The explants with small sizes were selected. Each explant was subcultured in PhytoReady tubes (P6670, PhytoReady plant growth regulator (PGR) matrix medium; PhytoTech Laboratories). The PGR matrix tubes contained the macro- and-micronutrients and vitamins (Table 3), as described by Murashige and Skoog (1962). They were supplemented with combinations of four concentrations of BAP (0.0, 0.1, 1.0, and 2.5 mg·L−1) and four concentrations of NAA (0.0, 0.1, 1.0, and 2.5 mg·L−1) (Table 4). The matrix included 16 treatments and five replicates, which were premixed, sterilized, and dispensed into 25 × 150-mm polycarbonate culture tubes and made ready for subculture.

Table 4.

Plant growth regulator matrix of the PhytoReady media (P6670; PhytoTech Laboratories, Lenexa, KS) including four concentrations of 1-naphthalene acetic acid (NAA) and four concentrations of 6-benzylaminopurine (BAP) with their media code, used for turmeric tissue culture experiment was conducted at Virginia State University, Petersburg, during Nov.–Dec. 2019 (third experiment; evaluation of plant growth regulator matrix).

Table 4.

After the explants were subcultured, the explant diameter (millimeters), height (millimeters), number of shoots, leaves, and roots, and weight [difference between culture tube before and after subculture (grams)] were recorded. The cultures were harvested 4 weeks later, and all traits were measured again in addition to the aerial root numbers. Shoot proliferation was also scored based on the height of the growth in the culture tube [1 = 1–10 mm, 2 = 11–20 mm, 3 = 21–30 mm, 4 = 31–40 mm, and 5 = 41–50 mm (Figs. 5 and 6)]. The differences between characteristics measured at planting and after 4 weeks were used for data analysis.

At the end of each experiment, three plantlets from each treatment of all experiments were transferred to plug trays (2 × 2 inches) with potting mix (Pro-Mix BX; Premier Tech Horticulture, Rivière-du-Loup, QC, Canada), moved to a growth chamber with gradually decreasing humidity from 95% to 65% over 2 weeks. Plants were then transplanted into 6-inch pots and transferred to a greenhouse (with 50% shade and 65% humidity). The percentage of survived plants was calculated after a month of transferring to the greenhouse.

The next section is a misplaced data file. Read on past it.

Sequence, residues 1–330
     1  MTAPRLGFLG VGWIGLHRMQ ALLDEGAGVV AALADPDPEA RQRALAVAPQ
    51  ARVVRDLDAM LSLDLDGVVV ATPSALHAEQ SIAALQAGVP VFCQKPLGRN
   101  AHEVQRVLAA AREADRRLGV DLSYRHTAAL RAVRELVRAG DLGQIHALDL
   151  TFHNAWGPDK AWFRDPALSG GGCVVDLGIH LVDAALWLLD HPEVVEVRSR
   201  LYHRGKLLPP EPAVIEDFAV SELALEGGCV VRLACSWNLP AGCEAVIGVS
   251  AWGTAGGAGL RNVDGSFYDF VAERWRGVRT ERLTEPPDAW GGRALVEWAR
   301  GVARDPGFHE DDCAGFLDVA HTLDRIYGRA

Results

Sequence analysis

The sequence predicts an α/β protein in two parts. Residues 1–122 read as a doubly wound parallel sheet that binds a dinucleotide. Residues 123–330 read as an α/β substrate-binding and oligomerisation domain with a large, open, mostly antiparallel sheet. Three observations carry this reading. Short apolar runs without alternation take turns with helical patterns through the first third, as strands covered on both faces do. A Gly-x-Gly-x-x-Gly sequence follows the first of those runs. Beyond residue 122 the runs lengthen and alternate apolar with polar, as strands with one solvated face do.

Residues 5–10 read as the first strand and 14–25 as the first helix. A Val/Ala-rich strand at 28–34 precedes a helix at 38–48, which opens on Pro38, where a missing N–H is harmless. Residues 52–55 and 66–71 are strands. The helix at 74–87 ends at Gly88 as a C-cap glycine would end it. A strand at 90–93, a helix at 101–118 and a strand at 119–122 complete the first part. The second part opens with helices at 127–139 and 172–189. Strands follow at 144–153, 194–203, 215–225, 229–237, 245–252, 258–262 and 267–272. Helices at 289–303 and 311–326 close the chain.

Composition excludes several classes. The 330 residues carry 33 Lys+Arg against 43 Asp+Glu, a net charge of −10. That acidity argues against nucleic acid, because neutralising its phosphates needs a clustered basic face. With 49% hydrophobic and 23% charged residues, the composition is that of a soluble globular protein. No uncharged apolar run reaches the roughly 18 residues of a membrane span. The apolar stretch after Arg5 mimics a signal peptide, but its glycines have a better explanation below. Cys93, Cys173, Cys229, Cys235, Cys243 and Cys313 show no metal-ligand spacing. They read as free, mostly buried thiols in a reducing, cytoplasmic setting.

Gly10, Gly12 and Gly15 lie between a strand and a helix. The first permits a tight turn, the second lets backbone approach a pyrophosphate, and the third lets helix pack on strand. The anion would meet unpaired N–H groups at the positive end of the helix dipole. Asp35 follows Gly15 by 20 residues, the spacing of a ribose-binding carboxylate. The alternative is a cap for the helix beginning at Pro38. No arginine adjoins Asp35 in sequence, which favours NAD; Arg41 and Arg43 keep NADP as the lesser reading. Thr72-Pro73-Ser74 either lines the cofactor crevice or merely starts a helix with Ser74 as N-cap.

Data analysis

The experimental designs were completely randomized designs for all three experiments. Data from each experiment and the data recorded at 4 and 8 weeks were analyzed separately. Statistical analyses were conducted using statistical software [PROC GLM (SAS version 9.4; SAS Institute, Cary, NC)]. The means were separated using the least significant difference at P ≤ 0.05 (Khattree and Naik, 2000).

Results

Expt. 1: Evaluation of different media in jars

The effect of the medium was significant on most turmeric growth and development characteristics after 4 weeks and on all growth characteristics after 8 weeks of subculture at P ≤ 0.05. DKW was the best performing medium, followed by the three MS media, and McCown was the worst medium for turmeric (Figs. 13). Plants in DKW were the tallest, had the most biomass (fresh weight gain), the highest number of shoot and plantlets, and were the most vigorous [highest growth score (Table 5, Fig. 3)]. On average, the explant’s biomass increased by 15.4 g and produced 18.3 plantlets (shoots with roots) and 30.3 shoots [shoot or shoot primordia without roots (Table 5)].

Fig. 1.
Fig. 1.

First experiment of turmeric tissue culture (evaluation of five different media in jars) after 4 weeks. From left, the size of original explant (with no scale, first column), plant growth and development after 4 weeks (second column) and 8 weeks (third column) after subculture. The media were color-coded. From left to right, blue (Murashige and Skoog basal, M5519; Sigma-Aldrich, St. Louis, MO), pink (McCown woody plant basal salt mixture; Sigma-Aldrich, filtered cap), red (Murashige and Skoog basal salt mixture, M5524; Sigma-Aldrich), white (Driver and Kuniyuki walnut; PhytoTech Laboratories, Lenexa, KS), yellow (Murashige and Skoog basal with Gamborg’s vitamins, M0404; Sigma-Aldrich), pink (McCown woody plant basal salt mixture, nonfiltered cap); 1 cm = 0.3937 inch.

Citation: HortTechnology 2021; 10.21273/HORTTECH04890-21

Fig. 2.
Fig. 2.